Published Feb 25, 2021 by Rick Cundiff
It’s no secret that we’re big fans of dogs around here. A couple of ‘em come into the office regularly, ‘cause they’re owned by the Powers That Be. Well, OK, the Powers That Be are really owned by the dogs, but let’s keep that part between us.
Lots of the rest of us have dogs at home, ranging from the small (Chihuahuas, who KNOW they’re really big) to the not-so-small (German Shepherds, who laugh at the Chihuahuas.) Big, small or in-between, they all enrich our lives.
Dogs have been doing that for thousands of years. They protect us, they keep us warm (see Three Dog Night*), and of course, they provide great companionship. And sometimes, they help inspire inventions that change society.
Take Velcro®, for example. The classic hook-and-loop fastener seems like something that’s been around forever. Chances are good that you might have a few morale patches attached to a jacket, vest, shirt or hat with Velcro.
And you have a dog to thank for that. An Irish pointer named Milka, to be exact.
See, one day in 1941, Milka and his owner George de Mestral went for a walk in the woods. By the time they returned home, both Milka (a good boy) and de Mestral’s clothing were covered in burrs.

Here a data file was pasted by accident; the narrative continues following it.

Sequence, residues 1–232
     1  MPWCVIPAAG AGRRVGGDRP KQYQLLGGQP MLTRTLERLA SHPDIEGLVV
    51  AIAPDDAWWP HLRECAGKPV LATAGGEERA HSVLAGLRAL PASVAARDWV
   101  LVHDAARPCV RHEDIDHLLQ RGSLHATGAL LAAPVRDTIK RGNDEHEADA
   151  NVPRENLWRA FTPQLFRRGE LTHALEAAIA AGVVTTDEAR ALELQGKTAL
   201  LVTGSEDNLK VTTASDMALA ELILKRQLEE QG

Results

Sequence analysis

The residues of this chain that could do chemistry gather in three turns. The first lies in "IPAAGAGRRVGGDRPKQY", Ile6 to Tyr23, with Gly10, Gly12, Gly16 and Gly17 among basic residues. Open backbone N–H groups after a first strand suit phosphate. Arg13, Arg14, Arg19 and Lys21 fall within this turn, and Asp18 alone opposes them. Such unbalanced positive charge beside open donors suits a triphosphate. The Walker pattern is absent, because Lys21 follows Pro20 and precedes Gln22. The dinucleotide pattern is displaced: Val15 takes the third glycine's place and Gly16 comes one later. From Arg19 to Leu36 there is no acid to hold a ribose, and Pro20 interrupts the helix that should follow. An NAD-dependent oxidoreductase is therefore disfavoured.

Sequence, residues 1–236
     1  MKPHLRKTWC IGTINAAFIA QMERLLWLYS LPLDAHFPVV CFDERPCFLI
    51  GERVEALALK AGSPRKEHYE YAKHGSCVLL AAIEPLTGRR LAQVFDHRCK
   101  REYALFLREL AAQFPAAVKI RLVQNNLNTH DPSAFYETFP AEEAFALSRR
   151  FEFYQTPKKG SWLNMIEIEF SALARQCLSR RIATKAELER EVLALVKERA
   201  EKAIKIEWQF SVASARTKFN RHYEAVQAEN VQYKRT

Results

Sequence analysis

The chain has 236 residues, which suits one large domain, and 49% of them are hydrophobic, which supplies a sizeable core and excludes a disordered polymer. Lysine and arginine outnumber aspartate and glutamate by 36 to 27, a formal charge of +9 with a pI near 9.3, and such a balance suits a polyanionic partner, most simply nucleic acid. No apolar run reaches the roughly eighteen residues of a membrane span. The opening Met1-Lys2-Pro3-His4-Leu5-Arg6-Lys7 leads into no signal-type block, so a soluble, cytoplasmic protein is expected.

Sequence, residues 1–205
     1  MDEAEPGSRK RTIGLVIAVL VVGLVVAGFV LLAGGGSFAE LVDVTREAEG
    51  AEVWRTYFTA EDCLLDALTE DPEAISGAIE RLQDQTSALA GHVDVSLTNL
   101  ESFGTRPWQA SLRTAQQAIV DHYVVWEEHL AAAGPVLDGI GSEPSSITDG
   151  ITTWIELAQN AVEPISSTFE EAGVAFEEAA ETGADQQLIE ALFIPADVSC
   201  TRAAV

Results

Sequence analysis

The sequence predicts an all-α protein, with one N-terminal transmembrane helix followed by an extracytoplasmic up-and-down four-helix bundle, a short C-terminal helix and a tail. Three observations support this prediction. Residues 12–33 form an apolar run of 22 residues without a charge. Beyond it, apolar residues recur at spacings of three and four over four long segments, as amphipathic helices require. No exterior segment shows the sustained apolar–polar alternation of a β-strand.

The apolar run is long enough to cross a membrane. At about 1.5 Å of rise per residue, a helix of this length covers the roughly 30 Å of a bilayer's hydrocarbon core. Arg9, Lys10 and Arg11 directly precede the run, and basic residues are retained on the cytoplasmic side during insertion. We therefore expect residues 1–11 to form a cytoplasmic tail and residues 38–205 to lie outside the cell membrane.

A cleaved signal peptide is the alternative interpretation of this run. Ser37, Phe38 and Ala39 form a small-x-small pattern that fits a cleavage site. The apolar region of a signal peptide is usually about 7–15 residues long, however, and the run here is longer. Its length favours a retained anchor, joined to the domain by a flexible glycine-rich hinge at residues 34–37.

Curious as to what made the burrs so sticky, de Mestral examined them under a microscope. He discovered that the burrs had microscopic hooks on them that was perfectly suited to catch loops of Milka’s fur or some fabrics.
Intrigued, de Mestral sought to create a practical application for the concept. It took him more than a decade to find a way to mechanize the production of the nylon hook and loop material, but he finally succeeded. By 1955, he had a patent for his “zipper-less zipper” system.
He named it Velcro, a portmanteau of the words “velour” and “crochet.” Once NASA started using the material in the 1960s, the rest is history.
So the next time you put a morale patch on your uniform or jacket, take a moment to say thanks to Milka. And to George.
*About Three Dog Night: the story goes that the band got its name from a magazine article that reported Aboriginal Australians slept in holes in the ground on cold nights, holding a dog. On colder nights, they slept with two dogs. (See where this is going?)
A truly frigid night was, of course, a “three dog night.”